What an odd setting for such a dignified man.
It is last Sunday, barely 36 hours after he won his Olympic trials championship with a controversial, go-to-the-video overtime victory against Brian Picklo.
He is sitting in a noisy alcove, attached to one of those ubiquitous Starbucks in the airplane-hangar-like lobby of the dimly lit Luxor hotel, distinctly over-the-top with Egyptian-themed objects everywhere.
Volmar, clean-shaven, balding, his remaining hair shortly cropped, is all muscle in a red T-shirt bearing the U.S. Olympic Committee's current marketing slogan: "Amazing Awaits." From the knees up, Volmar is a picture of health.
Behind him, tattooed women in tank tops try not to spill their beers and fat men in Nebraska Cornhuskers football jerseys carry boxes of Krispy Kreme doughnuts.
It is 9:15 in the morning. Volmar, his military DNA apparent, his judo calmness clear, looks out of place amid the cacophony of Vegas. But he adapts well.
He is 31, a retired U.S. Navy Petty Officer, fourth-degree black belt, father of three and owner of two horribly mangled knees. He recalls how he joined the U.S. Navy. Or, rather, how the U.S. Navy nabbed him. And he's explaining -- rationalizing? -- how it all turned out for the best.
The story is murky, but here's how he remembers it.
In 1998, living in Fort Lauderdale with an aunt, mail arrived. It wasfrom the Selective Service System. He must sign up. At the time, Volmar's English was good, but not great. His Creole accent was strong. His understanding of the American way of life was lacking.
"I'd heard of the draft, but didn't know if it was still in effect," he told ESPN.com.
So, he went to a Navy recruiting office and the sales pitch began. He wanted to be a doctor. Oh, the Navy can help with that, the recruiter said. He wanted to be an Olympic judo player. Oh, the Navy has an elite sports program for that, the recruiter said.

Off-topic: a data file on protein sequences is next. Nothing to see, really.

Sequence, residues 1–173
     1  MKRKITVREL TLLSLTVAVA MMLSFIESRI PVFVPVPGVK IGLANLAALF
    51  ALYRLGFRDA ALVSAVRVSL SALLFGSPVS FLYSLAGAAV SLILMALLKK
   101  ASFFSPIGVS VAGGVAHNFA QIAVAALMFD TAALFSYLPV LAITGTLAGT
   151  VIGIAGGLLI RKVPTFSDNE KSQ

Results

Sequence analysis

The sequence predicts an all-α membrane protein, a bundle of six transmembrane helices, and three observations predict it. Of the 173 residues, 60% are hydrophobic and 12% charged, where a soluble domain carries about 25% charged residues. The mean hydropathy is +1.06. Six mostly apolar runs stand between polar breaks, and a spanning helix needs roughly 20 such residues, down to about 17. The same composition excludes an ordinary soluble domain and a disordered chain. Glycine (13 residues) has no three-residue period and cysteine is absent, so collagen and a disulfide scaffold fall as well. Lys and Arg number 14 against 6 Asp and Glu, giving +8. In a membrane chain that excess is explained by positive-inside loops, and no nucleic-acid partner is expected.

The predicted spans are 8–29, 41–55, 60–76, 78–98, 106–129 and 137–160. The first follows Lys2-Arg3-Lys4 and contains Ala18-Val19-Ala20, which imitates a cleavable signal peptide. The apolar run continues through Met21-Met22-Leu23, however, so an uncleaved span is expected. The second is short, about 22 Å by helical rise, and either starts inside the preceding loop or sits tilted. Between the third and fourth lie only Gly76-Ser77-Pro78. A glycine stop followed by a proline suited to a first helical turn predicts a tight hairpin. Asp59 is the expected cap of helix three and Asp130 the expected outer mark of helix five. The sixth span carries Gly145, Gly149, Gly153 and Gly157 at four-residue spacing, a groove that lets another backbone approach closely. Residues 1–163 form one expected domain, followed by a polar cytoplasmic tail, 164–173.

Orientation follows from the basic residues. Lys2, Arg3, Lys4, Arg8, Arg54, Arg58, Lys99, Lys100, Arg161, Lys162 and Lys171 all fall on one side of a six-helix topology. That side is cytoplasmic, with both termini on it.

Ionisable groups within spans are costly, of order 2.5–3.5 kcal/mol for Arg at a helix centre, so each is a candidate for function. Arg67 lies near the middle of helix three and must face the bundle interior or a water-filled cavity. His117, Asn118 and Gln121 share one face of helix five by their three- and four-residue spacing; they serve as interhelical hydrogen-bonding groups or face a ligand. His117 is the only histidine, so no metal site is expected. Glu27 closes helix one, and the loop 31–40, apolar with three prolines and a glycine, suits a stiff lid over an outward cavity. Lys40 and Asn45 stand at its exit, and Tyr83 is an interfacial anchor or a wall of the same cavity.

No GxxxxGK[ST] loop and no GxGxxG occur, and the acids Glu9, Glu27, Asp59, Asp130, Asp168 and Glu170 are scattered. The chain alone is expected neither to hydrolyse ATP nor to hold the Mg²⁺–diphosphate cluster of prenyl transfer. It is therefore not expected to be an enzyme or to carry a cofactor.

"I thought it was my civic obligation," Volmar said.
"Trust me," the recruiter said.
By January, 1999, Volmar was in the U.S. Navy.
"They were excited to have me," he said. "I don't know the proper word, but in a way, I was tricked. But it turned out very good, very good."
At the very least, it was a solid excuse to get a release from the Haitian sports authorities so he could compete for the U.S.
But, in fact, real duty called. He was trained as a combat medic. He wasn't instantly assigned to the Navy's sports program. The 2000 Olympics passed. His only judo was training other sailors in self-defense at the massive Newport, R.I., Naval Station.
He met men from various parts of the nation, with accents as odd as his -- from Nashville or Nashua or New York, white and yellow and brown and black. He was thrown into the American melting pot.
"I was deep-fried into the American system,'' he said.
But judo continued to call him. He'd learned U.S. Olympic great Jimmy Pedro had a judo club in Lawrence, Mass., 90 miles away. So, after working at his post from 5 a.m., he'd hop in a car and race the 98 miles to Pedro's gym. An officer at the Newport base learned of Volmar's devotion to judo. That original promise of becoming a part of the Navy's elite sports program was fulfilled.